Original Research

Optimal Cosmetic Outcomes for Basal Cell Carcinoma: A Retrospective Study of Nonablative Laser Management

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Patient and Lesion Characteristics
Sixty-eight patients with 93 BCCs (77 facial; 16 nonfacial) were included. The median age of patients was 70 years (range, 31–91 years). All 93 BCCs demonstrated residual tumor on OCT after diagnostic biopsy. Four BCCs had been treated earlier with MMS and were biopsy-proven recurrences. Most BCCs were of the nodular subtype; however, sclerosing, superficial, pigmented, morpheaform, and infiltrative subtypes also were included (eTable 1). Eight BCCs were obtained at outside institutions with no subtype provided. Facial BCCs had a mean (SD) clinical and dermoscopic diameter of 6.75 (4.71) mm (range, 2–24 mm). Patients were followed for 2.53 months to 6.03 years (mean follow-up, 2.43 years) and assessed for clinical and subclinical recurrence.

Tumor Clearance
Most lesions were effectively treated, with 89 of 93 BCCs (95.70%) demonstrating complete tumor clearance. Complete tumor clearance following laser therapy was reported in 74 of 77 facial BCCs (96.10%) and 15 of 16 nonfacial BCCs (93.75%)(eTable 2). Successfully treated BCCs underwent an average of 2.88 laser treatments over a mean duration of 3.54 months (range, 1 week to 1.92 years). Four incomplete responders underwent an average of 3.25 laser treatments over a mean duration of 3.44 months (range, 1.13–6.87 months). Of the 4 lesions that did not clear, 2 were nodular, 1 was pigmented, and 1 was sclerosing.

Number of Treatments
When the clearance rate is divided into lesions that received 3 or fewer laser treatments and those that received more than 3 laser treatments, the following results were determined:

• Lesions receiving 3 or fewer treatments had a clearance rate of 96.05% (73/76) for all BCCs, 96.72% (59/61) for facial BCCs, and 93.33% (14/15) for nonfacial BCCs.

• Lesions receiving more than 3 laser treatments had a clearance rate of 94.12% (16/17) for all BCCs, 93.75% (15/16) for facial BCCs, and 100% (1/1) for nonfacial BCCs.

The relationship between facial BCC tumor diameter and number of treatments required for clearance had a positive correlation coefficient (Pearson r=0.319), indicating that larger BCCs required more laser treatments (eTable 3).

Tumor Recurrence
Four of 89 BCCs (4.49%)(4 of 74 facial BCCs [5.41%]) showed tumor recurrence following laser treatment, as assessed by OCT and dermoscopy. Of them, all were nodular BCCs. Prior to laser treatment, there were 4 additional patients each diagnosed with a recurrence from prior treatment with MMS; all were successfully treated with laser therapy without recurrence post–laser treatment (eFigure 1). Most of the recurrences from prior MMS required more than 3 laser treatments before clearing: 1 required 3 treatments, 2 required 4 treatments, and 1 required 6 treatments.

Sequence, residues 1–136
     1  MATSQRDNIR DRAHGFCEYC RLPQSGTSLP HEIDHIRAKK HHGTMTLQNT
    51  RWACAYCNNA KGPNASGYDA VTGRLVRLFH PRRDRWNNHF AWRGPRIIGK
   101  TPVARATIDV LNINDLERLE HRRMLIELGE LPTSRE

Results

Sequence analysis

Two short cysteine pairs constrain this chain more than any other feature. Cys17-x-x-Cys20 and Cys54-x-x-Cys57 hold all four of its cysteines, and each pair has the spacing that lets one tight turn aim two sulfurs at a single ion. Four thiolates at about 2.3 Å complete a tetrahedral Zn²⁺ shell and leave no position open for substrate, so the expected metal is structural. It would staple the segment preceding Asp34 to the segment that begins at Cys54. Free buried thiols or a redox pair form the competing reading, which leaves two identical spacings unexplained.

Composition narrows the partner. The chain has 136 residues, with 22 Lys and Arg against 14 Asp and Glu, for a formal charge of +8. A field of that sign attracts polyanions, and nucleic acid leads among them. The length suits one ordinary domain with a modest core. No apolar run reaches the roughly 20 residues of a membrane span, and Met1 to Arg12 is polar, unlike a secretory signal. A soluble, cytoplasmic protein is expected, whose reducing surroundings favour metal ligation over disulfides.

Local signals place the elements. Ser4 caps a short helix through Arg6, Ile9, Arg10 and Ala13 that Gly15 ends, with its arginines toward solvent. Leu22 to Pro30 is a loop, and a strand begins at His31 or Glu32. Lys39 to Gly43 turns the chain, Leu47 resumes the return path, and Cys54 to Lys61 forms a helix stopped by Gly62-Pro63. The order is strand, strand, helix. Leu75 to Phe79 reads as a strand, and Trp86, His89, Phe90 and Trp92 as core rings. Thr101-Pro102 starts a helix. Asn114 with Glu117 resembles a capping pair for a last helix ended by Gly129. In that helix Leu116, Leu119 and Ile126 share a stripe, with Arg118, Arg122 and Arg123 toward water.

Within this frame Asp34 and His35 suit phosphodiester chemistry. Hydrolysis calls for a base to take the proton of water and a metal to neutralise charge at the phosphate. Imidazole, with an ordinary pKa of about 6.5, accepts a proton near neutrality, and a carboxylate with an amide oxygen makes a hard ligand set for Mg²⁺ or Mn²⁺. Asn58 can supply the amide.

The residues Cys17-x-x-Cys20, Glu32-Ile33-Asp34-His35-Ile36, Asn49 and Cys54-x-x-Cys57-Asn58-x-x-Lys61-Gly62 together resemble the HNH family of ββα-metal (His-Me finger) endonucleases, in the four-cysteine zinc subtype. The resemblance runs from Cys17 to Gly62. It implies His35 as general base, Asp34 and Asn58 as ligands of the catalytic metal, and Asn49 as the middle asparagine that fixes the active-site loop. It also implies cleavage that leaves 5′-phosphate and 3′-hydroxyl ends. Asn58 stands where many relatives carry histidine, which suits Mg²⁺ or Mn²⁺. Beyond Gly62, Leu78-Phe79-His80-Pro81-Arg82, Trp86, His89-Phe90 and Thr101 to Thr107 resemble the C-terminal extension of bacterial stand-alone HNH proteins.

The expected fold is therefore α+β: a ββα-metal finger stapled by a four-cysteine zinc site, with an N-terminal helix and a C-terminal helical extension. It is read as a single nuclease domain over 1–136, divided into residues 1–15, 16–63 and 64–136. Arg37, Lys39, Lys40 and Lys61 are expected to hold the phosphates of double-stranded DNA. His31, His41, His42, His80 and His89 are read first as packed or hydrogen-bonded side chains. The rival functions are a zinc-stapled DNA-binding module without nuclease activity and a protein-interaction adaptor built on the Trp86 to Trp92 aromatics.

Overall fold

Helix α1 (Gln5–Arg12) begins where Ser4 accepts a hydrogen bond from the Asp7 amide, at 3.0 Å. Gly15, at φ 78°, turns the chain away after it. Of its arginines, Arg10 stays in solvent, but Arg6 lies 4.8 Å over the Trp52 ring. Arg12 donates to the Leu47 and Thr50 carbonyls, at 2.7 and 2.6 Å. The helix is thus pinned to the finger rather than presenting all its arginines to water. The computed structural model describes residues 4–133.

eFigure 1. A, A recurrent basal cell carcinoma (BCC) following Mohs micrographic surgery (MMS) without clinical evidence of recurrence. This lesion, as well as 3 other recurrent BCCs post-MMS in different patients, was detected early within the scar using noninvasive imaging with dermoscopy, optical coherence tomography (OCT), and reflectance confocal microscopy. B, A BCC recurrence after 3 nonablative laser treatments. Although there was no clinical and/or dermoscopy evidence for BCC, BCC recurrence was detected with OCT and confirmed with RCM post–laser treatment at a 3-year follow-up.

Of 93 lesions included in this study, 2 BCCs were deemed not clear on histologic analysis, which corresponded with residual tumor seen on OCT. Two additional lesions were determined to be not clear on OCT but were not confirmed as such on biopsy; both lesions were confirmed not clear, however, by histologic analysis on the first layer of MMS

All cleared lesions (89/93) showed complete clinical response to laser treatment for 6 months or more (median follow-up, 2–3 years; mode, 1–2 years; mean, 2.66 years)(eTable 4). Although 45% of patients (40/89) have been followed clinically and/or dermoscopically (as is done for MMS follow-ups) for 3 years to more than 5 years, only 20% of patients (18/89) were followed up with OCT in combination with clinical and/or dermoscopic examination between 3 years and more than 5 years. Follow-up took on a bimodal distribution, with a peak follow-up period at 1 to 2 years and again at 3 to 4 years. Half of the lesions (45/89) were followed up with OCT in combination with clinical and dermoscopic examination at 1 to 6 months (eTable 5). Of the 2 patients with 1-month OCT follow-up, 1 died from other medical causes and the other was unable to return for further follow-up scans.


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